America is becoming more diverse. More than 50 million U.S. residents regularly speak languages other than English in their homes, according to the U.S. Census Bureau. The U.S. multicultural population in 2001 accounted for over 30 percent of U.S. residents; by 2020 this could increase to 39 percent.
Insurance companies are trying to reach these multicultural audiences, but many of them are missing the mark because they are forgetting a simple, yet critical step. They are not doing a good job in recruiting multicultural producers to represent them in the field.
Admittedly, every financial services company has a unique situation, but the following tips might be useful to bring in multicultural agents and reps to work with your organization.
o Let’s do lunch. Take the first step and reach out to the prospective producer. Having lunch can be a highly effective means of getting to know someone as well as his or her culture. It is a great way to make that initial connection and can be an ideal learning opportunity for you, as well.
o The high-tech approach. You have hundreds if not thousands of names in your producer database, but do you really know the people behind the names? By segmenting your database, you will be able to send targeted communication pieces. Often, targeting your communication is more helpful than just using a standard “saturation” campaign strategy.
Also, don’t forget about the Web. Your communication pieces will need a call to action; what better place to send prospective producers than to a well-maintained Web page that features all of the information you want to share about your organization.
o Speak the language. No, you do not need to be fluent in Spanish or Mandarin Chinese. But if you are sending out direct mail or developing an e-mail campaign to recruit multicultural producers, you need to know your audience. Do your research to find out what speaks to the people you are trying to connect with. It might even be as easy as acknowledging holidays.
Keep an open line of communication. Something as simple as a conference call can be extremely helpful. Have a dialogue with prospective producers and find out about their concerns and needs. This is not only a great learning experience for you but also an ideal time to share information with several people at once about your organization.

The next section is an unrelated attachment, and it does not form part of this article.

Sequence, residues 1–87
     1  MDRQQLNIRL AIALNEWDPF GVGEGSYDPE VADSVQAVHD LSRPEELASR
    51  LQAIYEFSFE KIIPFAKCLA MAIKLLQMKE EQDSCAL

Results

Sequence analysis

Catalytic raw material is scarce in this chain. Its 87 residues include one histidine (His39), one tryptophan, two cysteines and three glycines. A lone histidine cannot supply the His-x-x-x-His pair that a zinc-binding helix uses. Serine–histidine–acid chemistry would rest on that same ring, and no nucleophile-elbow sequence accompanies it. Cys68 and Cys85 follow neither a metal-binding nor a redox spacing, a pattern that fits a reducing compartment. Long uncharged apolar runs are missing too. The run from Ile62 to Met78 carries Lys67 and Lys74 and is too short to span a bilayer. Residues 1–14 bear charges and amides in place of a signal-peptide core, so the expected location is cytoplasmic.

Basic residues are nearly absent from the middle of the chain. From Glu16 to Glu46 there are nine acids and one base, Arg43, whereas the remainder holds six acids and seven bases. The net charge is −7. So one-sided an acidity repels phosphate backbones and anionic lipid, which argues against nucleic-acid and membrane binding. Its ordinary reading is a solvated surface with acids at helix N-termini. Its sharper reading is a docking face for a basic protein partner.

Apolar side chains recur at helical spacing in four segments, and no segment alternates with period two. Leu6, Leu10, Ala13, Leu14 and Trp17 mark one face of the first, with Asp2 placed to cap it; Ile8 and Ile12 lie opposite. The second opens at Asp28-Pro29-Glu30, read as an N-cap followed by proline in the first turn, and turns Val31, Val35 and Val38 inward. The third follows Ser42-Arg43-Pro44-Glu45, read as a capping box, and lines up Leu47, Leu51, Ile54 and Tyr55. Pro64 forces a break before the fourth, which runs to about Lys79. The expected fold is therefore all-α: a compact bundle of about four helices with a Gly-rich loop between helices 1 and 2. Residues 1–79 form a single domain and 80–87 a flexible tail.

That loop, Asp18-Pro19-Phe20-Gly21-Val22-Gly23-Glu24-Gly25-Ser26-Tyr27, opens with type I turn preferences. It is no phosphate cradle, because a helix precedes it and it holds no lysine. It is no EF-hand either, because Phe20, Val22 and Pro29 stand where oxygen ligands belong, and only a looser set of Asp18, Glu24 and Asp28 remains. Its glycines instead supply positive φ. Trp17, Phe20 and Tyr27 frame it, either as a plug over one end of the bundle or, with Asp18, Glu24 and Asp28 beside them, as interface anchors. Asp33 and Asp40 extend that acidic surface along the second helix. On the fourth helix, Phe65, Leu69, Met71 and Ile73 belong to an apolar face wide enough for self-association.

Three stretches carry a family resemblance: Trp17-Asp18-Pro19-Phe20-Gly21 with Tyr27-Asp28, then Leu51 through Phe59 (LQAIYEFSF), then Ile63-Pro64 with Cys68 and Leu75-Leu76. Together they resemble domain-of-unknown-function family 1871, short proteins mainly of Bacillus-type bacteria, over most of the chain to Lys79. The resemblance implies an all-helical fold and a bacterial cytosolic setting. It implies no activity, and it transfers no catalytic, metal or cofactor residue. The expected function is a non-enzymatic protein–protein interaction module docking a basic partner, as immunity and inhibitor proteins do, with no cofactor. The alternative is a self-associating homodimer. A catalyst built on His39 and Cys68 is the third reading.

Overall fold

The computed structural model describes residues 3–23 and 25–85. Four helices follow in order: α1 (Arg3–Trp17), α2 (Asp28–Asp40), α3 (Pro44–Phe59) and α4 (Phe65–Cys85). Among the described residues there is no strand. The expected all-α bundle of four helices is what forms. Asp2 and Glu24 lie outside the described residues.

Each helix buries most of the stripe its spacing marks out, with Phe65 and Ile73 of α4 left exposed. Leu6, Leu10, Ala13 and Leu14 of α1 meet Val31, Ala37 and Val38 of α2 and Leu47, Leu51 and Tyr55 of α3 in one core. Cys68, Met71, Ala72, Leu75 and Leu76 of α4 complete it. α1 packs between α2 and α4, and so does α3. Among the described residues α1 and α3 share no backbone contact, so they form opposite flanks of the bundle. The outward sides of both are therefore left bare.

o Recognition and reward. Develop a recognition and reward program that is attractive to multicultural producers. Loyalty/production programs are not new to the insurance world, but they are yet another way to highlight your commitment to multicultural producers and multicultural markets.
o Admit when you need help. Hiring a multicultural marketing recruiting firm or consultant to help support your business can be an important step that you might need to take. Your investment can go a long way, as the recruiter will often have in-depth knowledge of a particular culture, which can be invaluable to recruiting new producers.
o Use a sounding board. Take the time to develop a multicultural producers advisory board. Experienced and knowledgeable board members can offer great insight and advice. They also can be a great resource for trying out and generating new recruiting tools and ideas.
o Partner with the right organizations. By partnering with a multicultural-oriented organization, you are not only showing your support to the organization, but you also are sending a message that you are dedicated to working with a community. You begin by developing trust with that community, which is invaluable to the success of your recruiting initiative.
Recruiting multicultural producers is perhaps the most important part of an effective multicultural marketing program. These producers will help you better understand and connect with the communities that you are trying so hard to serve. As the face of America changes, so must insurance companies that want to be able to serve our changing population properly.